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Old 08-29-2013, 09:25 PM
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Join Date: Mar 2010
Location: Grand Rapids MI
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Default Re: keeping the dough :(

To avoid the skin build-up, put the dough balls in disposable glad containers. You could also just cover the dough balls with plastic wrap. After five days, your dough has had a chance to ferment, which is what is providing the great taste. I always prepare my dough three days before I will use it. I will let it sit in the frig for three days so it will develop the taste that you are talking about.

If your dough was in the refrigerator for the five days, my guess is that technically your dough did not over proof. In order for that to happen , the yeast has to be active. Unless you refrigerator is warm, the yeast probably was dormant for the five days. If you we're to let the dough rest for several hours outside of the refrigerator, then there is a chance that the dough will over proof. If that happens, then knock the dough ball down and reball it.

If you decide to reball the dough, you will want to let it rest for at least 20 minutes. It takes at least that long for the gluten to relax. Letting it rest for an hour or more is even better.
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  #22  
Old 08-30-2013, 11:37 AM
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Join Date: Apr 2012
Location: Iowa
Posts: 123
Default Re: keeping the dough :(

There are as many scientific theories about bread dough as there are recipes to make it. Experience is the best teacher. I use cold dough, I like my dough to have a chance to rise twice, once outside the fridge at room temp and the second in the fridge. I roll my dough into balls (about the size of a grapefruit) while they are cold and spray a 9 x 13 pan with cooking spray (Pam) I have a shallow bowl with olive oil in it that I roll each dough ball in before I set it on the cookie sheet, this way the balls can touch each other and I can get 12-16 on each pan. I have lids for this pans that I purchased at the restaurant supply and I snap them on. When I am having a big party I leave one slot in the pan empty and I fill a plastic bag with ice cubes and set it in there with the dough balls to cool down the atmosphere in the pan and keep the sequential pans of dough from rising as fast. The pans stack, so I keep those under the pan I use first and they stay cooler.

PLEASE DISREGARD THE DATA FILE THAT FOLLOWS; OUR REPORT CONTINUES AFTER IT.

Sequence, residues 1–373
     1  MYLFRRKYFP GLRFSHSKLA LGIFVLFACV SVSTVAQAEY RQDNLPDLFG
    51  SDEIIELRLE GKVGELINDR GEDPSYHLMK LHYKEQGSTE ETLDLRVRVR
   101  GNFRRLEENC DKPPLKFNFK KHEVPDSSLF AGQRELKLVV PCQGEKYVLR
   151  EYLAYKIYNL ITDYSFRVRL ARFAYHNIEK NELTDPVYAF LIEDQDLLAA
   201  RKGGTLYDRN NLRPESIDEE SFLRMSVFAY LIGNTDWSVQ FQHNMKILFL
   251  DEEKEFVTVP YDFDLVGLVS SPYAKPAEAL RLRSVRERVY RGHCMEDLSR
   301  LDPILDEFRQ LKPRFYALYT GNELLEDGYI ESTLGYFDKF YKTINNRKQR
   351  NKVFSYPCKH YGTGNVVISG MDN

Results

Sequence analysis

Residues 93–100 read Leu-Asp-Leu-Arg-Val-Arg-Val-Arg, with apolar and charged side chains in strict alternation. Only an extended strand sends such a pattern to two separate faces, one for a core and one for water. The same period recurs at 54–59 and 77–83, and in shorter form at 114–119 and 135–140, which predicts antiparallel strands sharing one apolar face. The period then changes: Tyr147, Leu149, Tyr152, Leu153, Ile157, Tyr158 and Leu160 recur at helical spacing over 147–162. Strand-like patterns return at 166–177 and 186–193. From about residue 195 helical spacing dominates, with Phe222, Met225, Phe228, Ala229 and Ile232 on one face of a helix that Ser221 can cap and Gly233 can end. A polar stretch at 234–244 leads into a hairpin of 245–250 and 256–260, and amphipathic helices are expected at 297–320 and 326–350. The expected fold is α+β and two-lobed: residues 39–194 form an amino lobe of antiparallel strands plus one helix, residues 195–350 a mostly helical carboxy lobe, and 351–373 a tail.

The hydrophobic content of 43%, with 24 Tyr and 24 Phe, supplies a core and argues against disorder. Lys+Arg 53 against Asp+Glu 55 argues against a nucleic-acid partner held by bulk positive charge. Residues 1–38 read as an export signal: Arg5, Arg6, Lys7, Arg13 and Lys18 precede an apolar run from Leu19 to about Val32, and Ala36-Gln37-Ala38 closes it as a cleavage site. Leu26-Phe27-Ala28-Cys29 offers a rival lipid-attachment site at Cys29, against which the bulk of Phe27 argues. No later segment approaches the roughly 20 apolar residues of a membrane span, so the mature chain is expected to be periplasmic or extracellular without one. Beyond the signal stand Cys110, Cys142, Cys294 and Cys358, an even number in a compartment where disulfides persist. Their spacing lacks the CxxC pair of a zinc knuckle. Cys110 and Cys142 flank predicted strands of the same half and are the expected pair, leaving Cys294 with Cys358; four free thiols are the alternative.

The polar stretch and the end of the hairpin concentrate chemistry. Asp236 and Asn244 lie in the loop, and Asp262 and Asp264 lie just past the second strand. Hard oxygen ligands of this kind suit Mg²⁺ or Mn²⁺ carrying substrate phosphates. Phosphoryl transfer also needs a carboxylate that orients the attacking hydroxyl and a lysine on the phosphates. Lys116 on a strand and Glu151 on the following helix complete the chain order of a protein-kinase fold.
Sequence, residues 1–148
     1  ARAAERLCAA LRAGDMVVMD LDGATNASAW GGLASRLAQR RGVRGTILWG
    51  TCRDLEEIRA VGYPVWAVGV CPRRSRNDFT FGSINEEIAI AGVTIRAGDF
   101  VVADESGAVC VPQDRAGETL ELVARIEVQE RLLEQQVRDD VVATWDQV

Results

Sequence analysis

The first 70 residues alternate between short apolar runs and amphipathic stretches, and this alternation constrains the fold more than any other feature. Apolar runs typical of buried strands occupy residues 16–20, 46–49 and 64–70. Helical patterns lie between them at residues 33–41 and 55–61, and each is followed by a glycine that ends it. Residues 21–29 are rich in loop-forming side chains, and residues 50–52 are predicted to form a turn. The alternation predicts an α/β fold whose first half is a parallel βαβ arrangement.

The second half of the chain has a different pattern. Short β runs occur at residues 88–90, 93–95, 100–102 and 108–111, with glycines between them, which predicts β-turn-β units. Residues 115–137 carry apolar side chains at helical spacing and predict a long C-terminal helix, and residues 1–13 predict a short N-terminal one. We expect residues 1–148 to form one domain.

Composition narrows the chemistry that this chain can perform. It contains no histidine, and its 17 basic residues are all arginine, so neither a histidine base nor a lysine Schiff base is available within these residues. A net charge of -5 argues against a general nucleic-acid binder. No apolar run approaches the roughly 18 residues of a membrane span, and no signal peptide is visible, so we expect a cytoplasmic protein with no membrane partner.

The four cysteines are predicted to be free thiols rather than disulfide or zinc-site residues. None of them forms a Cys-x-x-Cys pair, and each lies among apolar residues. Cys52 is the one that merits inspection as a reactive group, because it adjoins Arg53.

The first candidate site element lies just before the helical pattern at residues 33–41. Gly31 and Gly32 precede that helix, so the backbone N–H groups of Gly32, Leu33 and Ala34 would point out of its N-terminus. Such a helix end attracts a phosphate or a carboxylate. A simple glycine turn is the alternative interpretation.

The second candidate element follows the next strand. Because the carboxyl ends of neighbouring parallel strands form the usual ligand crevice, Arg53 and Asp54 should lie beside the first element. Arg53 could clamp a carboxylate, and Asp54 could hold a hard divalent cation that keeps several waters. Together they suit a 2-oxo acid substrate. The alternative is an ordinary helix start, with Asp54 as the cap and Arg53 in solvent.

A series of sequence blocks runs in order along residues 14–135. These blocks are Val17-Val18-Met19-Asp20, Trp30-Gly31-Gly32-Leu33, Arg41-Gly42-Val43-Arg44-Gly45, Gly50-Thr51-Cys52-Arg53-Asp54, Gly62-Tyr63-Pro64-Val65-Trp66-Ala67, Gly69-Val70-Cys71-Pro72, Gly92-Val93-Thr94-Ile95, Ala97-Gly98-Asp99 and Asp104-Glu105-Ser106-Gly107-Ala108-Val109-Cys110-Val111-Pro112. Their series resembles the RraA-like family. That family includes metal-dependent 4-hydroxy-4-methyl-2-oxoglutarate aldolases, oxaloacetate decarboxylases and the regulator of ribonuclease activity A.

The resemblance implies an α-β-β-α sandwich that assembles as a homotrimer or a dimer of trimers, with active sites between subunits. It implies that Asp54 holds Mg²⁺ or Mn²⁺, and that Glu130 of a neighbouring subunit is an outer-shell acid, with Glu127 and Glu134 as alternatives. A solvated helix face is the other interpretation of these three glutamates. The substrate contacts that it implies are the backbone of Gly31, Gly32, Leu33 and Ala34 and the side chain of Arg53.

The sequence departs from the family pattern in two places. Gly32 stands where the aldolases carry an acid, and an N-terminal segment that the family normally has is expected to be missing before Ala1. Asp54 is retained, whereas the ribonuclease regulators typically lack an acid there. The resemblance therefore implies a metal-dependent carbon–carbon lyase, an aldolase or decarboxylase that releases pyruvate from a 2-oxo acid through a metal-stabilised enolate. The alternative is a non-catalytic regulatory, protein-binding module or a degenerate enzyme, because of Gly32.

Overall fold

The oil keeps them from forming a skin and the lid keeps out flying pests. I can easily grab the balls as I need them because they don't stick together. At the end of the night if I have dough balls left I simply reform them into balls and slide them into the freezer. As soon as they are frozen I snap them apart and put them in a Ziplock. After a while I have built up a full batch and I simply thaw them out and make pizza with them. I haven't noticed any difference in using the frozen dough versus the unfrozen. Punching down dough is perfectly acceptable, the yeast simply works harder each time. You can run the risk of depleting the sugars in the dough (which feed the yeast) if you repeatedly punch dough down, but that is rather unlikely.

Dough does need to rest at least 20 minutes before it can stretch. The first few pizzas typically require more effort. I pull a couple at a time as large as I can get them and let them rest before I finish getting them to size. After the first 2-3, at least 20 minutes as passed since I first formed them so they just get easier from there. I like to use cold dough for this reason, so that I have a little more time to form all the dough balls and get out to the oven and start making pizza, I feel less rushed this way.
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